Canadian Family Practice Nurses Association. (2019). National competencies for registered nurses in primary care. Available from https://www.cfpna.ca/copy-of-resources-1

Canadian Institute for Health Information. (2019). Nursing in Canada, 2019: A lens on supply and workforce. Retrieved from https://www.cihi.ca/sites/default/files/rot/nursing-report-2019-en-web.pdf

Government of Canada. (2012). About primary health care. Retrieved from https://www.canada.ca/en/health-canada/services/primary-health-care/about-primary-health-care.html

Government of Newfoundland and Labrador. (2018). The way forward. Retrieved from https://www.gov.nl.ca/thewayforward/

Government of Newfoundland and Labrador. (2019). The way forward: Chronic disease action plan. Retrieved from https://www.gov.nl.ca/hcs/files/chronicdisease-pdf-chronic-illness.pdf

Government of Newfoundland and Labrador. (2020). Six committees established for health accord NL [news release]. Retrieved from https://www.gov.nl.ca/releases/2020/exec/1112n02/

Health Intelligence Inc. (2019). Physician resource forecast for family medicine: Newfoundland and Labrador. Retrieved from http://nlma.nl.ca/FileManager/Documents/docs/2019.12.09_Physician_Resource_Forecast_Family_Medicine_FINAL_reduced.pdf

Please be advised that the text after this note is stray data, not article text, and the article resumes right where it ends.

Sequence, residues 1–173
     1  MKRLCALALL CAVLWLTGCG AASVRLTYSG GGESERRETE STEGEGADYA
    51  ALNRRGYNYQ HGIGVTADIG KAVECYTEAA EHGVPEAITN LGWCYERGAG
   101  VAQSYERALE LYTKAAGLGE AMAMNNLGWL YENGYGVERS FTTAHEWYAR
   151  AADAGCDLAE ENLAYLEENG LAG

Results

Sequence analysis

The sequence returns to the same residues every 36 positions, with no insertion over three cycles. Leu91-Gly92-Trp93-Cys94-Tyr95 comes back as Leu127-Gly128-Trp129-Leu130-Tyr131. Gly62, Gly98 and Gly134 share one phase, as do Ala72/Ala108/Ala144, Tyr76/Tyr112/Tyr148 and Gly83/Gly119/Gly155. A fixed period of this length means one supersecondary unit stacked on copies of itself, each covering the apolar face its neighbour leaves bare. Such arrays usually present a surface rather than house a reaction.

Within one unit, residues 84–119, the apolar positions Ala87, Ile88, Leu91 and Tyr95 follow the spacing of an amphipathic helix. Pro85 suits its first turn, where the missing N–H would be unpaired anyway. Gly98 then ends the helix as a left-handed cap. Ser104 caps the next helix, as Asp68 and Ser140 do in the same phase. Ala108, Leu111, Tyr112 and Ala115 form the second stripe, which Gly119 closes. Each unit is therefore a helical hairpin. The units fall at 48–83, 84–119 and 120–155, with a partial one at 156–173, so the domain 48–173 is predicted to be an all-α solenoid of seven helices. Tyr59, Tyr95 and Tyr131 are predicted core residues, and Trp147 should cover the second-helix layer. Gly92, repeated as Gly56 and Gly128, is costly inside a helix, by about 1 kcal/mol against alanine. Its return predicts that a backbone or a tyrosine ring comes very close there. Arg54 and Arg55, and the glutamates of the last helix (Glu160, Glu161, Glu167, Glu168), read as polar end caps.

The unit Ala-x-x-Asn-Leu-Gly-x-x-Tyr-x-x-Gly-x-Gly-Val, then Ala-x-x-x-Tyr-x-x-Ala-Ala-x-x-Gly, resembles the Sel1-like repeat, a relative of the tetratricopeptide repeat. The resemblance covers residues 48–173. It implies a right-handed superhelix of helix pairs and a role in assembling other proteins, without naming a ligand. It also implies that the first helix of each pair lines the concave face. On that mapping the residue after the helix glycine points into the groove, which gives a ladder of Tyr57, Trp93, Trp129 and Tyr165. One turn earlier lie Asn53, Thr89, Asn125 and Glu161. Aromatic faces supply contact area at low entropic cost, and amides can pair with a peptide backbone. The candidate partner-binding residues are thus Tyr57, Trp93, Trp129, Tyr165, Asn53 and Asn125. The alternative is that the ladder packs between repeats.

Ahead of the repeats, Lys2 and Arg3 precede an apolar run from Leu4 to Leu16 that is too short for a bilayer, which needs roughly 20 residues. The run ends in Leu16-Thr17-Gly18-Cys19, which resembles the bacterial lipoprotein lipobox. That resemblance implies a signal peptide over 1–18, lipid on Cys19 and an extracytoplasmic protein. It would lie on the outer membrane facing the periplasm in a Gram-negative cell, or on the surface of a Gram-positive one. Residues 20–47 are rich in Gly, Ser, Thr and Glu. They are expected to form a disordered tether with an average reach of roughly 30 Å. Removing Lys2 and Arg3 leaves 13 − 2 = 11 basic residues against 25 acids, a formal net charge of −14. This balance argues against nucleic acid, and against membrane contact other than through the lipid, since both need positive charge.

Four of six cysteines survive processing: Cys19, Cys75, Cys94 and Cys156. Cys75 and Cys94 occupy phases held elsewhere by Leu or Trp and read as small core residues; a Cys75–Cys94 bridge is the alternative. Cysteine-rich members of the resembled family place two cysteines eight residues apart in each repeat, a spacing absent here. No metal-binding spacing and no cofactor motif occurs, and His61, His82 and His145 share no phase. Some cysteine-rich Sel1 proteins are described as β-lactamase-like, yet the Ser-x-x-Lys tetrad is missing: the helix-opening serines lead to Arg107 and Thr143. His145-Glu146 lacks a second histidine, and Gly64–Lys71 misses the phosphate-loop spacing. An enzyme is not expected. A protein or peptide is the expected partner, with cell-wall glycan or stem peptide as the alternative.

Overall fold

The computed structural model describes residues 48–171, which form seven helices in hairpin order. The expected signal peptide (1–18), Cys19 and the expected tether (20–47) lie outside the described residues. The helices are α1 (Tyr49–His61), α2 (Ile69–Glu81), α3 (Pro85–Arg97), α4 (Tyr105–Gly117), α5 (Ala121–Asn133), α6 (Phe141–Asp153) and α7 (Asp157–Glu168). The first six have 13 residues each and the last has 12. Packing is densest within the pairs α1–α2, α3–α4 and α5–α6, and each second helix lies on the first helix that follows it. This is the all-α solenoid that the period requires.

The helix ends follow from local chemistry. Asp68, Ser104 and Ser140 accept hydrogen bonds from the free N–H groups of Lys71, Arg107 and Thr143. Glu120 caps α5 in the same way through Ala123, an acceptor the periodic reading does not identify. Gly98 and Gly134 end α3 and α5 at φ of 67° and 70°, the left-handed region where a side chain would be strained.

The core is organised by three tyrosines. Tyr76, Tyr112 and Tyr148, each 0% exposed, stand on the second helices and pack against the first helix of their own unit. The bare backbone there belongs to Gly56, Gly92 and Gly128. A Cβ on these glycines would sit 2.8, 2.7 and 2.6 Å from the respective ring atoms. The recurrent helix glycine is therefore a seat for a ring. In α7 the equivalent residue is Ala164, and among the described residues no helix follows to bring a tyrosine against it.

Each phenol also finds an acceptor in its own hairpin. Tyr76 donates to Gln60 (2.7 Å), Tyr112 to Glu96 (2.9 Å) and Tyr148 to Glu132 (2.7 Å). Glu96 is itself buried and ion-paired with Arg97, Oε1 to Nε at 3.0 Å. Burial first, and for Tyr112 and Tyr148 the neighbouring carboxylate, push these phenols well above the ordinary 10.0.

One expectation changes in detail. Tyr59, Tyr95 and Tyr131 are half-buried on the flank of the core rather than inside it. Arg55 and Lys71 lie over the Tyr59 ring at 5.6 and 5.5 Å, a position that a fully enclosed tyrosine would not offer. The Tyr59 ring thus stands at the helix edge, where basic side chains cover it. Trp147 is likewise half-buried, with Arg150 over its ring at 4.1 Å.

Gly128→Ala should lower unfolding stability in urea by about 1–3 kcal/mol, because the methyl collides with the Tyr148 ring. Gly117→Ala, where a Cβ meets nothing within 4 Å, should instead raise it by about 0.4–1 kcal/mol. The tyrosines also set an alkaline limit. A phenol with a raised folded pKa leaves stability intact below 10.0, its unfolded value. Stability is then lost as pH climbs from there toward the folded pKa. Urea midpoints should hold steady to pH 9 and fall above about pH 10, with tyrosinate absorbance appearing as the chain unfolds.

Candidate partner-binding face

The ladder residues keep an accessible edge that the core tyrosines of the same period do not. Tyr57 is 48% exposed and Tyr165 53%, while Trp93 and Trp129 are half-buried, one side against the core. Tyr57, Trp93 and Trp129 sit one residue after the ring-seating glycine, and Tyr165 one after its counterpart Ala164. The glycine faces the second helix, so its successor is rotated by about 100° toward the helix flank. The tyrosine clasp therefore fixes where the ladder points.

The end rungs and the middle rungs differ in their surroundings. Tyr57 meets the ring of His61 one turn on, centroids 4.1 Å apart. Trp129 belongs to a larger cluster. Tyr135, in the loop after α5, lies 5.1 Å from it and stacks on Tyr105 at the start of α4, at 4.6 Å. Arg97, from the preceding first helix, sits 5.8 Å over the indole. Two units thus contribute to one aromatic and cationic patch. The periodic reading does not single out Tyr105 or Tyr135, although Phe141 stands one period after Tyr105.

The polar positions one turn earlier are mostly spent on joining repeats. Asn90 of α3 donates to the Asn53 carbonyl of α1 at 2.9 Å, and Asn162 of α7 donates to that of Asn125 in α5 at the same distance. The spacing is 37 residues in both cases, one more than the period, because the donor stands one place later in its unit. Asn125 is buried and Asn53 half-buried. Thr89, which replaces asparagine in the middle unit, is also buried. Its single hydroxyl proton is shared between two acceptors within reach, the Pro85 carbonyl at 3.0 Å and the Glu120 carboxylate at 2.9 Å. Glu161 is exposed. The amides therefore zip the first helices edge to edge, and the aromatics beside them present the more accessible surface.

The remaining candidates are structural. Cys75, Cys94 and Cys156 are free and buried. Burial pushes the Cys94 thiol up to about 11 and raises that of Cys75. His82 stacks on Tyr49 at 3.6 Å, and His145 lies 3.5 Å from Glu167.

Lukewich, J., Allard, M., Ashley, L., Aubrey-Bassler, K., Bryant-Lukosius, D., Klassen, T., Magee, T., Martin-Misener, R., Mathews, M., Poitras, M.-E., Roussel, J., Ryan, D., Schofield, R., Tranmer, J., Valaitis, R., & Wong, S. T. (2020). National competencies for registered nurses in primary care: A Delphi study. Western Journal of Nursing Research, 42(12), 1078–1087. https://doi-org.qe2a-proxy.mun.ca/10.1177/0193945920935590

Lukewich, J., Taylor, S., Poitras, M. E., & Martin-Misener, R. (2018). Advancing family practice nursing in Canada: An environmental scan of international literature and national efforts towards competency development. Nursing Leadership, 31(2), 66–78. https://doi-org.qe2a-proxy.mun.ca/10.12927/cjnl.2018.25602


Hannah Ricketts is a newly registered nurse and graduate of Memorial University Centre for Nursing Studies. Her main interests include, primary prevention, primary care nursing and acute care.